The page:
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From Joe Cheng <jmch...@alum.mit.edu>
Subject Re: stream-based MIME parser
Date Mon, 12 Apr 2004 21:24:10 GMT

>For matchers those should be fine.  For mailets, we would want to be able to
>process to a point, emit content for a new header or part, and then
>continue.  I am imagining it as:
>  MimeMessageSource -> MIME Parser -> Event Handler(s) -> MIME Stream
>If we want Mail to be re-writeable, we'd probably implement it there.  I'm
>thinking something like:
>   new MimeParser(mail.getInputStream(),
>                  new MyHandler(mail.getOutputStream()).parse();
>That would not work today.  Just mulling the idea.
Makes sense.  So that basically means, you're not dealing with a 
"modifiable" stream, so much as dealing with a "copying" callback 
handler.  That's good, as it makes it easy for us to ensure that the 
common read-only case doesn't pay the performance/resource penalty that 
the read-and-copy case will necessarily require.

I guess the challenge would be redesigning the callback API to 
incorporate the output streams in a natural way.

>Emitting MIME is more important for some mailets, and they could use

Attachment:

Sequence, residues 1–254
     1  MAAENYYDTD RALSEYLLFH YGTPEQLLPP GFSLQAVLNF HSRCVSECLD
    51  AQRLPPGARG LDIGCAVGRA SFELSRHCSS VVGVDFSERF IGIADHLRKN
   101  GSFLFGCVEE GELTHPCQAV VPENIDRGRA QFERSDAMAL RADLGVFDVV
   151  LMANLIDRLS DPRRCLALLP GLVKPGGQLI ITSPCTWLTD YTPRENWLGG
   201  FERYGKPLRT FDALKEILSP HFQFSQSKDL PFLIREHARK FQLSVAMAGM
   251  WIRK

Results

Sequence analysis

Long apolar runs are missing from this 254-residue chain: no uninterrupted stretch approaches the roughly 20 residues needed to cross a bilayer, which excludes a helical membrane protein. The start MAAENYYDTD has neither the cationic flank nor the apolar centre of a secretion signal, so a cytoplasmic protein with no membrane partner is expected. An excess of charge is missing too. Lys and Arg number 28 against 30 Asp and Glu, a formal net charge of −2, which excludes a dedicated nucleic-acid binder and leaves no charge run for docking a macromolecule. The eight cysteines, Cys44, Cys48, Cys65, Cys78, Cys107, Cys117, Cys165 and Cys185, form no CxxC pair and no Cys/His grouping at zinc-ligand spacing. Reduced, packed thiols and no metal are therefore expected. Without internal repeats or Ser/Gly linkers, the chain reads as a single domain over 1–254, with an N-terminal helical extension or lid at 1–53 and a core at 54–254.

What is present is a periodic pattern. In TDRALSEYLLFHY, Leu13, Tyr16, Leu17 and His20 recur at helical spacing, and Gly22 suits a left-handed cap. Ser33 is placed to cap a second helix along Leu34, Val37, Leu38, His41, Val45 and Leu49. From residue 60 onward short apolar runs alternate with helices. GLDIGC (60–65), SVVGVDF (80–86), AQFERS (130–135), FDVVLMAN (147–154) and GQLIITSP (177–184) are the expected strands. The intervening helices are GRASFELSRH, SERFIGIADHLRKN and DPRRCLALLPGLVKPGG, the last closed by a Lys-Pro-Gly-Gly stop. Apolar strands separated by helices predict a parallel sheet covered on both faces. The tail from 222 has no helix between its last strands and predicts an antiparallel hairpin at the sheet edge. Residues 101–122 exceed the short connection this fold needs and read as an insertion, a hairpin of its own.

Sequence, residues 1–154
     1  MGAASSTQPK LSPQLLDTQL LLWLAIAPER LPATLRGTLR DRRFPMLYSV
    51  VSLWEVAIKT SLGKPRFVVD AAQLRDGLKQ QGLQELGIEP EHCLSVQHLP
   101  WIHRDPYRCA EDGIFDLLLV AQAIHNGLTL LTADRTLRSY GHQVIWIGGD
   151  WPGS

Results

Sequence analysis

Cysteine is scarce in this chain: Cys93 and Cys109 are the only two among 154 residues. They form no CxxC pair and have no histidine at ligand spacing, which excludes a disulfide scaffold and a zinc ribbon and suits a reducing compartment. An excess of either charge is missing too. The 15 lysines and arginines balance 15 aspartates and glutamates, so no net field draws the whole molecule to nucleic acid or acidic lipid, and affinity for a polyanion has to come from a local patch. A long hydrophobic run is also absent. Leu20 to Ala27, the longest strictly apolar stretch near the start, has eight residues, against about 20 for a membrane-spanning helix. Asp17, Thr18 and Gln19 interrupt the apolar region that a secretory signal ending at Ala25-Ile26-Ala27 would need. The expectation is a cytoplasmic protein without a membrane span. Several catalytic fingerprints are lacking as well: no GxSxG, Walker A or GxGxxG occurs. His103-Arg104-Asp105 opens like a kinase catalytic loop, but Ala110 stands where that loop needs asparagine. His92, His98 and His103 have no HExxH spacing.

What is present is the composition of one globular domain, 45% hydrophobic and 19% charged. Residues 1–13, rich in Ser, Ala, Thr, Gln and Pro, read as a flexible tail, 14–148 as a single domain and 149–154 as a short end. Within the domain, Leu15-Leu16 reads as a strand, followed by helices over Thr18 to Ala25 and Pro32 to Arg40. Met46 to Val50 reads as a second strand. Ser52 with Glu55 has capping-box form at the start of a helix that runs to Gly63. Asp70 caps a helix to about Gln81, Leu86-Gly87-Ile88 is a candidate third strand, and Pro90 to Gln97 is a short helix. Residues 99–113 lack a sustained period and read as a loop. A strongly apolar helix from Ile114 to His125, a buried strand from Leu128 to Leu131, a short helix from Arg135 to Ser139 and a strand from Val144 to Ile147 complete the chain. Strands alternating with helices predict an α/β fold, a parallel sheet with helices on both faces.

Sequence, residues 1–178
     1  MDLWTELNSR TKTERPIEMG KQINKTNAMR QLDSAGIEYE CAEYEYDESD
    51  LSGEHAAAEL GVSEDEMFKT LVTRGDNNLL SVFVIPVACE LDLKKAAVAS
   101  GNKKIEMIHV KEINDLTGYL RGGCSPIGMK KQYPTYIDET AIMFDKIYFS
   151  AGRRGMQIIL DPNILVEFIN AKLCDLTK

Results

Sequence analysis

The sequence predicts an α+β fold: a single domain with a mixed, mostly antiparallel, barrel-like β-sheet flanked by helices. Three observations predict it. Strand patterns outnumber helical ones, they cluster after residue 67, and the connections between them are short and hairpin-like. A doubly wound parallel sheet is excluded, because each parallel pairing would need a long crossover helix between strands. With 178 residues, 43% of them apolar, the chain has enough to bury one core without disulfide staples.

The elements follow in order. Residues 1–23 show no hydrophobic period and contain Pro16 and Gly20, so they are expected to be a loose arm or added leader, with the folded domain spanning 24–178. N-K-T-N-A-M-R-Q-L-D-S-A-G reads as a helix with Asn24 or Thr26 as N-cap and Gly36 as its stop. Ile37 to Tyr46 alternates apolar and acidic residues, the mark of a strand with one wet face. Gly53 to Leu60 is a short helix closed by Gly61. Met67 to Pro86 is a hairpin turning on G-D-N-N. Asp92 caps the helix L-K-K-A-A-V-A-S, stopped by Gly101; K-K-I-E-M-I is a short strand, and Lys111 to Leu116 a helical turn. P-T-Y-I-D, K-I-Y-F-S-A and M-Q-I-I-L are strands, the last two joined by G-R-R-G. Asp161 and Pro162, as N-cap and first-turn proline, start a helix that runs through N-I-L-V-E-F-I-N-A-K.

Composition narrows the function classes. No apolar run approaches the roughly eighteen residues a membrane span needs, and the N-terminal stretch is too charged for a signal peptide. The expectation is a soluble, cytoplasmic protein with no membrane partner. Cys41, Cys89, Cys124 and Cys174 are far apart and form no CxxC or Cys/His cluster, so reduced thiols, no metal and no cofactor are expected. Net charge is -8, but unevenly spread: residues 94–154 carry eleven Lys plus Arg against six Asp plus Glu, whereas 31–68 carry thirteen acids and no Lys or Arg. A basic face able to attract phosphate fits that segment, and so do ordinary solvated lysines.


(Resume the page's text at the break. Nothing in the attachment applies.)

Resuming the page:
>JavaMail to do it until we had a way of doing it with a streaming approach.
>Most that want to change something just want to change headers, envelope or
That being the case, would it be worth writing a standalone 
header-manipulation module?  I was under the impression that JavaMail's 
fragile-ness in dealing with malformed headers was a big problem, at 
least as much of a problem as the resource consumption issue.  It'd be 
relatively easy to write a module that loads the headers into memory, 
manipulates them, emits them, and then copies over the original body 
verbatim.  Or would the lack of generality (i.e. not being able to 
modify the body) be too high a price to pay?

>If the codec folks wanted to help with emitting MIME, that would be one
>place for contribution.
>As for InputStreams, that fits with all of the other James code today.  I'd
>like to see the code morph in the future so that buffers of data are pushed
>into it, but that wouldn't stop me from starting to make use of it today.
The easy/natural way to allow for this today would be to wrap 
InputStream around the buffers (inside the parser's constructor, if you 
prefer)... any problems with that?

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